The Workers' Party registered jailed former president Luiz Inacio Lula da Silva as its candidate for president on Wednesday, attempting to muscle him into the race to lead Latin America's largest nation and forcing a showdown with Brazilian electoral authorities.
More than 10,000 of Lula supporters flooded the area around the Supreme Electoral Court in Brazil's capital, while party leaders went inside to file the candidacy on the final day for registering. Soon after, Workers' Party Chairwoman Gleisi Hoffmann emerged, proudly showing reporters the proof of registration. Former Sao Paulo Mayor Fernando Haddad was registered as the left-leaning party's vice presidential candidate.
I will only not be a candidate if I die, give up or am ripped from the race by electoral authorities, Lula da Silva said in a message read to the crowd by Haddad. I don't expect to die. I will not give up. And I will fight for my rights in the electoral justice system until the end.
Lula is serving a sentence for a corruption conviction, but he continues to lead polls for October's presidential election. The electoral court is expected to bar him from running because of the conviction. Lula and his supporters insist he is innocent, contending the charges were trumped up to prevent him from returning to the presidency.
Hours after the party registered, Attorney General Raquel Dodge filed a request at the electoral court seeking to bar Lula da Silva from running. Several others, including leaders of conservative groups, did the same.
Supreme Court Justice Luis Roberto Barroso will handle the case himself or share it with a full panel of the electoral court. Both Dodge and Barroso have suggested in the past that Lula da Silva's bid to run again for president would not be allowed.
The police presence was heavy around the court during the day, though the rally was peaceful. Many of the supporters wore red shirts or T-shirts with da Silva's face on them. Some more masks of his face. The crowd shouted: Free Lula! or Lula, warrior of the Brazilian people!
Brazilian law bars anyone like Lula da Silva who has had a conviction upheld from holding office, though the court has the final say.
Haddad emphasized that Lula's political rights have not yet been suspended and that he is still appealing his conviction. It is unclear how long the electoral court's decision will take, but the Workers' Party has until Sept. 17 to put someone else at the top of its ticket if Lula is barred from running.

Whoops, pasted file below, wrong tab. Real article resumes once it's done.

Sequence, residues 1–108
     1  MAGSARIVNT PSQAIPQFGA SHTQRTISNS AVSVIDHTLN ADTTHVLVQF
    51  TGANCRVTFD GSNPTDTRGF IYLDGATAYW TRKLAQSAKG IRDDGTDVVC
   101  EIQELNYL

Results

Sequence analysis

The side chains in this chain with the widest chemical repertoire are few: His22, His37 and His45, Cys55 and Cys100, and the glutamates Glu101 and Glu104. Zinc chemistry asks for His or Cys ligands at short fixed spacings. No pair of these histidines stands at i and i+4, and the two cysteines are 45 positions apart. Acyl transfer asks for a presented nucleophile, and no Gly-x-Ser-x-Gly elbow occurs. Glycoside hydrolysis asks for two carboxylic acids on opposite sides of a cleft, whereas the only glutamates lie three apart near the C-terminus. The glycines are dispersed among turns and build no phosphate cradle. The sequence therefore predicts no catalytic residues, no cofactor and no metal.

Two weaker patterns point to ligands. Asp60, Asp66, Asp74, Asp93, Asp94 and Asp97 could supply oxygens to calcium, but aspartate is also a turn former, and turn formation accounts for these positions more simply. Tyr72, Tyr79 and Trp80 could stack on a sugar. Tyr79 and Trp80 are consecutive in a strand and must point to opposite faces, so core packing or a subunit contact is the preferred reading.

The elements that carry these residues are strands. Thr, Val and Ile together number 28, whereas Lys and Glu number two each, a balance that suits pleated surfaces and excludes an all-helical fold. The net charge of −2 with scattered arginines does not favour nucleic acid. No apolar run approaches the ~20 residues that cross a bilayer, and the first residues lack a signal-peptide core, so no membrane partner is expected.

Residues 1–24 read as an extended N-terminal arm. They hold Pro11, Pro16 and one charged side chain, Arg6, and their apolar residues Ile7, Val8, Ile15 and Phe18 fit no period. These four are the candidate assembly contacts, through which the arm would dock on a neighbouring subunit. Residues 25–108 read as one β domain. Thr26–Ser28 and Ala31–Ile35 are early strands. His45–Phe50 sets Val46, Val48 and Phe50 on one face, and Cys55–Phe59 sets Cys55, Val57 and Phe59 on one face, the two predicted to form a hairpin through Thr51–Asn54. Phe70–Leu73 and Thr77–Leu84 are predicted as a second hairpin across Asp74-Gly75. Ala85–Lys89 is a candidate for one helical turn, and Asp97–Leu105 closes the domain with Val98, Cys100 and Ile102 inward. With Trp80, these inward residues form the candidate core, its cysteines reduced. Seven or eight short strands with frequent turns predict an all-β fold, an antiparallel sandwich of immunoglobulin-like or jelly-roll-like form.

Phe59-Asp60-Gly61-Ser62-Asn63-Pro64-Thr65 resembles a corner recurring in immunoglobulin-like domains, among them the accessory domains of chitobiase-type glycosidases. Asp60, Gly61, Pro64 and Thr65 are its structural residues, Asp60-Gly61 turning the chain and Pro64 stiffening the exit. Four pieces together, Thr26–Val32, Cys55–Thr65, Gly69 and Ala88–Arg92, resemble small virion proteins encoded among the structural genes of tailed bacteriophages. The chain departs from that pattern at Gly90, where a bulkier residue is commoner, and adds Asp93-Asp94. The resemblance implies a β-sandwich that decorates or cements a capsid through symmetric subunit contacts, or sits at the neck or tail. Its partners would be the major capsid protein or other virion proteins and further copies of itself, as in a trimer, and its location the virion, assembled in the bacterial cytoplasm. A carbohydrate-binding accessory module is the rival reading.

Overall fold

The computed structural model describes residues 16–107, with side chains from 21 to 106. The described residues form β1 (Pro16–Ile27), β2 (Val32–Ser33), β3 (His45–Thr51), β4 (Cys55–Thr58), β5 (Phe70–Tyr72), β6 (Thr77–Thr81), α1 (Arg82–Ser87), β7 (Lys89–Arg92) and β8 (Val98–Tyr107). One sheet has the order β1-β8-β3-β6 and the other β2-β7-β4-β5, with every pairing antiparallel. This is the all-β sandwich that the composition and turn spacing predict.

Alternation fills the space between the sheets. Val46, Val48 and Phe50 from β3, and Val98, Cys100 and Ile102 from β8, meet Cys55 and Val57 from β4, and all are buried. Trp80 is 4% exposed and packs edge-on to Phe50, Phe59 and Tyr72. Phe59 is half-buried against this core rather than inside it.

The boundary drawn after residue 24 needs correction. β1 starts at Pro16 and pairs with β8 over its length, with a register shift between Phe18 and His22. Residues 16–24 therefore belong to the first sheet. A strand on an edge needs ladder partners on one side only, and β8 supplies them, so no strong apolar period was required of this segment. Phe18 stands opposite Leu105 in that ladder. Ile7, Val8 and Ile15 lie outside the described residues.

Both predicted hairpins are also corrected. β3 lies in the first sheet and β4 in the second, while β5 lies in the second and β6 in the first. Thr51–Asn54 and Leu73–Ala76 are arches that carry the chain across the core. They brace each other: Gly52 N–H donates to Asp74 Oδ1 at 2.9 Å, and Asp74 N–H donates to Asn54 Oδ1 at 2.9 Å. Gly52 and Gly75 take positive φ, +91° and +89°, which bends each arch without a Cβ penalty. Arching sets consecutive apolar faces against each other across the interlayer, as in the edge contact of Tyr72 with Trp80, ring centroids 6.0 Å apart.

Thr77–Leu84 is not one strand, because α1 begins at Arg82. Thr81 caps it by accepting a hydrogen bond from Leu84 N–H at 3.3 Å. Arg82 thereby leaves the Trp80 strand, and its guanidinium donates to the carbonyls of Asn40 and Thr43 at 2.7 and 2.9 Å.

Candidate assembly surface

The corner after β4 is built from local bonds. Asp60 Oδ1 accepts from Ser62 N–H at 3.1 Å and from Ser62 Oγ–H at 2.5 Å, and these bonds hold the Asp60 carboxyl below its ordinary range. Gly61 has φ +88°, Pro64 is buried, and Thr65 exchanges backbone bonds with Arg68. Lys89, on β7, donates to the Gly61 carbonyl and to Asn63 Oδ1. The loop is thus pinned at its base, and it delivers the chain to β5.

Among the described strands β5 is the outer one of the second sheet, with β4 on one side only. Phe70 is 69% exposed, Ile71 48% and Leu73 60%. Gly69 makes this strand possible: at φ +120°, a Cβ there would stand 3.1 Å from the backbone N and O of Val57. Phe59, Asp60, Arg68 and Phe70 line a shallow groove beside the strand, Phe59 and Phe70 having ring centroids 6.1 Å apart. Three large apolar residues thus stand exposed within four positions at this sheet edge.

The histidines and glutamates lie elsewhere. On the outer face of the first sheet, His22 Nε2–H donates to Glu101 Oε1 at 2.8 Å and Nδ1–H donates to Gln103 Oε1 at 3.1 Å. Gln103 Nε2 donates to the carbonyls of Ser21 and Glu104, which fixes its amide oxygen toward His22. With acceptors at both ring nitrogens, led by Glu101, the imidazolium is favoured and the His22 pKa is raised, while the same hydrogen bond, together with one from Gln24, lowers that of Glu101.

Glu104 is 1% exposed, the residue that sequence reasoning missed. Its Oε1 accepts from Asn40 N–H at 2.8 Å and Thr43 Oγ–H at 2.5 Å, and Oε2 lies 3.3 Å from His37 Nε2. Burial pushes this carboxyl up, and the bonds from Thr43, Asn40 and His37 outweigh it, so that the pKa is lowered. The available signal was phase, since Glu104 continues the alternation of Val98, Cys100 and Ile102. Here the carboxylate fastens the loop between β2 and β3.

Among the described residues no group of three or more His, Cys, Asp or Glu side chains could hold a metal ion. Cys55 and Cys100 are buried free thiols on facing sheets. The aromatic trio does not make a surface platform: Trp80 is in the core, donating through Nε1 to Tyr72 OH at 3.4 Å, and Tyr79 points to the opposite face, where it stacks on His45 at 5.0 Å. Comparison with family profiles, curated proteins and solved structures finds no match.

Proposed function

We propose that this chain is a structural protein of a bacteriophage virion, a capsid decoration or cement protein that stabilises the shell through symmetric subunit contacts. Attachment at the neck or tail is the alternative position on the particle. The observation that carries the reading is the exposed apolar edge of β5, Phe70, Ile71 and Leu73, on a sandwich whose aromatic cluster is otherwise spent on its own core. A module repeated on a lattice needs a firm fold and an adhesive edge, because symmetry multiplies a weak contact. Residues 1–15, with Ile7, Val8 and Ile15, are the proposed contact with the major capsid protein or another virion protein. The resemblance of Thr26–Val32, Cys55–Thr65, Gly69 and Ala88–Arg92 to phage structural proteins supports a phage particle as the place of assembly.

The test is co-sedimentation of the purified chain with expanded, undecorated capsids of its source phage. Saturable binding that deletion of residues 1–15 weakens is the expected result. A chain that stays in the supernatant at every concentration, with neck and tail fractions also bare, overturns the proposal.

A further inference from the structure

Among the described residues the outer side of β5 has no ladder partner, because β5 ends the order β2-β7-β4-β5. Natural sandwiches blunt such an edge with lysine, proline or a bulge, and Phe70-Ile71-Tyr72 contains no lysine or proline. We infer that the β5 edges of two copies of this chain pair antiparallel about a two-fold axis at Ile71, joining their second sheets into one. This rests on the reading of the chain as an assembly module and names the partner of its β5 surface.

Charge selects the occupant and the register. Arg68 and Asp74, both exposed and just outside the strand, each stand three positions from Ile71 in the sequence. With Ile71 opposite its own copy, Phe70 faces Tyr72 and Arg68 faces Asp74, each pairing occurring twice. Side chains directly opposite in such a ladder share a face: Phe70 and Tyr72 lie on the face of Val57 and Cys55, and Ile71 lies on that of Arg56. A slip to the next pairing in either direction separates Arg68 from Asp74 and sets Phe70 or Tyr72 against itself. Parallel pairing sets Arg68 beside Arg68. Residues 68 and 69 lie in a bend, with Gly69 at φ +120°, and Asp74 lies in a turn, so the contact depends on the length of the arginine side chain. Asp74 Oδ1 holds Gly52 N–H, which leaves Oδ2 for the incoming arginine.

Opinion polls show about one-third of Brazilians would vote for Lula, almost double his nearest rival, far-right lawmaker Jair Bolsonaro. However an almost similar percentage is decisively against Lula and would never vote him.
Anyhow many supporters are expected to vote for whom never replaces Lula on the Workers Party ticket. With the charismatic Lula behind bars, the Workers Party has been absent from the initial presidential debates and now that Haddad is registered as his running mate, he will begin campaigning across the country next week, party leaders have said.
Analysts said Haddad could be competitive if he attracted the Lula vote, but he could be at a serious disadvantage because the Workers Party, has waited so long to thrust him into the spotlight.
“The PT did not listen to cooler heads in the party that wanted Haddad nominated in June,” said David Fleischer, politics professor emeritus at the University of Brasilia. “They are trying to use Lula’s popularity and image as a martyr to the max to fortify the party.”
Lula was convicted last year of trading favors with a construction company in exchange for the promise of a beachfront apartment. That conviction was part of the huge Car Wash corruption investigation in which prosecutors have alleged that Brazil's government was effectively co-opted for years, with politicians doling out favors and state contracts in exchange for bribes and campaign contributions. The investigation has shaken Brazil's political system and put dozens of powerful people in jail, including some of the country's richest men.